an integral part of effective leadership and impact the decisions we make. In order to understand the topic of ethical
decision making, we must first determine how “ethics” are derived. Ethics arise from habit and they are influenced
by our values and morals. Our values are fluid and can change. They are our personal beliefs which are influenced by factors
- Parents and other early care givers
- Life experiences
- Our culture and social surroundings
are more fundamental and it a nutshell, it helps us determine what is right, and what is wrong. Velasquez (1998, n.p) lists
the five characteristics that distinguish moral standards as:
issues that can seriously injure or benefit
be changed by authority decisions
Felt to be
more important than other values such as self-interest
with emotions such as guilt, shame and remorse
Models of Ethical Decision Making
- Utilitarianism – Also known as “Consequentialism,” decisions are
justified if the outcomes produced are for the “greater good.” The ethical nature of the decision is made on the
consequences of that decision. Some (bad) examples are slavery and wars.
- Non-Consequentialism – There are no other choices but to follow that decision
because it is an “obligation” or “duty.” These rules must be obeyed regardless of what may result.
These are often derived from legal authority and rights, religious authority and human reason. Eg. Samurais, military institutions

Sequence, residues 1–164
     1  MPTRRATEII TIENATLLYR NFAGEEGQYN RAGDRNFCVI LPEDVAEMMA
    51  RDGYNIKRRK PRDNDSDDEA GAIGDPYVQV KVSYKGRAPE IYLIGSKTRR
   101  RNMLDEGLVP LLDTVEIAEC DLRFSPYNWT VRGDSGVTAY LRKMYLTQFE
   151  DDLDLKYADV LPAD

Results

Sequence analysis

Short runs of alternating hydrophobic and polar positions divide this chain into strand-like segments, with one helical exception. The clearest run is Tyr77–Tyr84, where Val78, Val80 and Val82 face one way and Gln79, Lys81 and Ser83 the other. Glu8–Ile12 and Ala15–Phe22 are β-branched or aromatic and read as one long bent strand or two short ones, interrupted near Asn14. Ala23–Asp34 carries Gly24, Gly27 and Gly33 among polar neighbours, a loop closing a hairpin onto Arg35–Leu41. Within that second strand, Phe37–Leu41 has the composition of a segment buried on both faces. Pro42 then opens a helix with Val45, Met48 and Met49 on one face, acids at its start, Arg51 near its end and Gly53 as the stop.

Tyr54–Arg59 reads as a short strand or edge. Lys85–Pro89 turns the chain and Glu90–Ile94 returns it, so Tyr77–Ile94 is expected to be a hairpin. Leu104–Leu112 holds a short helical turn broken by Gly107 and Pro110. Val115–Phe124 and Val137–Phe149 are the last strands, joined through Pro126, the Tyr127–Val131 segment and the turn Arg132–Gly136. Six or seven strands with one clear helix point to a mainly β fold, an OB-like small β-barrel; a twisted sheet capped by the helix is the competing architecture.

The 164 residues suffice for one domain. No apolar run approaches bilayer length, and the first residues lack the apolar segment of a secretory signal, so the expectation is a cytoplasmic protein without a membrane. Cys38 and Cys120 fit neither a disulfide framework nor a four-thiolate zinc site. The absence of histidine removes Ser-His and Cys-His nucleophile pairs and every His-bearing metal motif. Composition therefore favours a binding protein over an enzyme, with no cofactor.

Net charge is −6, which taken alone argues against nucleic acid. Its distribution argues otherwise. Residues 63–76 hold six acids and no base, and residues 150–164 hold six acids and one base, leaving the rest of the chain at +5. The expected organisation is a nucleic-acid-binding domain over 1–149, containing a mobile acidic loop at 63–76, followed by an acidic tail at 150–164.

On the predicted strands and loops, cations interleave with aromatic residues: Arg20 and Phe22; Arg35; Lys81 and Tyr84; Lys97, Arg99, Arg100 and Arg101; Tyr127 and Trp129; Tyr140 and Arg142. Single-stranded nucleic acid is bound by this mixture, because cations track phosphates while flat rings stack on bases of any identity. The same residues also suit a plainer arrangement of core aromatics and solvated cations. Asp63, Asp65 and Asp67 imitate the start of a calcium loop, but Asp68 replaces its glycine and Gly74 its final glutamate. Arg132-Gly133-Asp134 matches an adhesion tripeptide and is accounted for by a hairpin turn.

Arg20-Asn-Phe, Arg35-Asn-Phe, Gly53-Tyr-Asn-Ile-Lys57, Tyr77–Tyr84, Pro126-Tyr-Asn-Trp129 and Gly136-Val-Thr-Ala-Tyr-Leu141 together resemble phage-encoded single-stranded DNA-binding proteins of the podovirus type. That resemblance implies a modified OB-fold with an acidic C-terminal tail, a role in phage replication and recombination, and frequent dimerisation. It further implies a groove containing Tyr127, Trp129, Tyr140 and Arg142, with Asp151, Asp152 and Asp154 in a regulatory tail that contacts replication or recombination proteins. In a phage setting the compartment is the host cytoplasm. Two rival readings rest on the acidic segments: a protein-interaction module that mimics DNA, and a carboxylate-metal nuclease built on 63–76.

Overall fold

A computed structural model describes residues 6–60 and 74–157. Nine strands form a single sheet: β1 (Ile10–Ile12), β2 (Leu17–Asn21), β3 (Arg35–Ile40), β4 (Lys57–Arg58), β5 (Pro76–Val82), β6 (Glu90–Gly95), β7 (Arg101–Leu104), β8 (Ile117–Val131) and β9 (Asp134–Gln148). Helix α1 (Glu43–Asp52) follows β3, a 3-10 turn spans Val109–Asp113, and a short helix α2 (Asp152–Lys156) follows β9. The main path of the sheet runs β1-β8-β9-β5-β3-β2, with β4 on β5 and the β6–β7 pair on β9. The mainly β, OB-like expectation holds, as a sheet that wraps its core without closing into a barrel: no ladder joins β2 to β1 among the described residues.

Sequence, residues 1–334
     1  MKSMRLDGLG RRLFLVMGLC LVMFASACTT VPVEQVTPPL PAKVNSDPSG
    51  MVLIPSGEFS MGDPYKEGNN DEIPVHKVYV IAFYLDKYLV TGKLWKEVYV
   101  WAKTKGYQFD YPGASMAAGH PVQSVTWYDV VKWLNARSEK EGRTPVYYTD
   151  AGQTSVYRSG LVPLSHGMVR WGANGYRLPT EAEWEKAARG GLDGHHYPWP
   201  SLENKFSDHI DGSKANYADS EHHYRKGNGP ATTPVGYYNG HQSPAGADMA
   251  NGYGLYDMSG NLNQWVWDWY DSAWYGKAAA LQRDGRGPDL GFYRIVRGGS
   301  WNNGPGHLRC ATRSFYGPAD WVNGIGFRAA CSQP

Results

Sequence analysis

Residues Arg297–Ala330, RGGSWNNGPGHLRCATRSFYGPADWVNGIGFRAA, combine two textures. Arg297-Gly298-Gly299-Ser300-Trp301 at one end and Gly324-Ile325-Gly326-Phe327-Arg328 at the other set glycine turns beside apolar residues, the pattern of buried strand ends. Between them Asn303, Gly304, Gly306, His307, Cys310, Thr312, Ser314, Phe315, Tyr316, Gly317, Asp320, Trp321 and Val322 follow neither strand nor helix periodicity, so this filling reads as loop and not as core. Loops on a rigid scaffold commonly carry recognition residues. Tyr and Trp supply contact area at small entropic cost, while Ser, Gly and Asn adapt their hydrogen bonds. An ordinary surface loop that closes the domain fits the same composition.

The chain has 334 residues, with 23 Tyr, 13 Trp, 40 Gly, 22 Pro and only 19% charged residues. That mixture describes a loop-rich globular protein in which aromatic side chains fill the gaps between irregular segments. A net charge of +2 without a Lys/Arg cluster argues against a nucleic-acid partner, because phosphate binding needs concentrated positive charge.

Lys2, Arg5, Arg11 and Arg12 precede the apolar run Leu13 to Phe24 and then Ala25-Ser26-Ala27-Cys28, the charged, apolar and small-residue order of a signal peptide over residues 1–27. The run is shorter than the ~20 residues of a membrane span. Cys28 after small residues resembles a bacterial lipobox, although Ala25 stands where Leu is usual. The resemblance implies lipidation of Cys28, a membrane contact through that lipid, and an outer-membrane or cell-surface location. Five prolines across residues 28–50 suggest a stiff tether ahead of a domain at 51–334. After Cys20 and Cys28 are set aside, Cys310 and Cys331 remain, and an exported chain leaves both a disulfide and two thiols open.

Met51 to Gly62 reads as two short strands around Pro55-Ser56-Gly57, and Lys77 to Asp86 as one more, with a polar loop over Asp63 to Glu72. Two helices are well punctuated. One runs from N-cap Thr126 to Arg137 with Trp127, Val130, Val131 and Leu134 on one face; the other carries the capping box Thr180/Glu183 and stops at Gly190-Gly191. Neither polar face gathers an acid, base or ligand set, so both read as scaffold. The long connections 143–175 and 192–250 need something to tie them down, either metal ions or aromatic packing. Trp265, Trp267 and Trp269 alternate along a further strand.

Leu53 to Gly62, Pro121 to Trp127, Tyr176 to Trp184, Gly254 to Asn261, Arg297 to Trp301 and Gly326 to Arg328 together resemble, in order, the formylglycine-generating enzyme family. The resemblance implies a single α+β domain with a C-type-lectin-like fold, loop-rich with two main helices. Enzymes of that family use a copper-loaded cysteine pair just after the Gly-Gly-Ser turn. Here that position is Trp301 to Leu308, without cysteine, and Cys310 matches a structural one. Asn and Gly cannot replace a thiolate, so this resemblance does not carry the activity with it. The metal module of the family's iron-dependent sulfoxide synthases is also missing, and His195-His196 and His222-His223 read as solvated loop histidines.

- Justice and Fairness – The model was developed by John Rawls and is based on
two principles. Firstly, each person has to right to basic liberties and secondly, inequalities of wealth can only be justified
if they are the greatest benefit of the least advantaged and they go with positions or appointments that are open to all in
conditions of fair equality of opportunity.
- Ethic of Care – This models helps us to justify our decisions on the basis that
we have extra obligations to those we love and care about and we should nurture our relationships. The downfall of this model
is bias and favouritism. In a business context, this means owing a duty or care to our employees.
- Virtue Ethics – This model of decision making forces us to ask ourselves, “what
are the traits of a morally good human being?” Our choices are a reflection of our character and integrity. These values
will differ from one culture to another.
(Week 3 Lecture Slides - Ethical Leadership, 2007)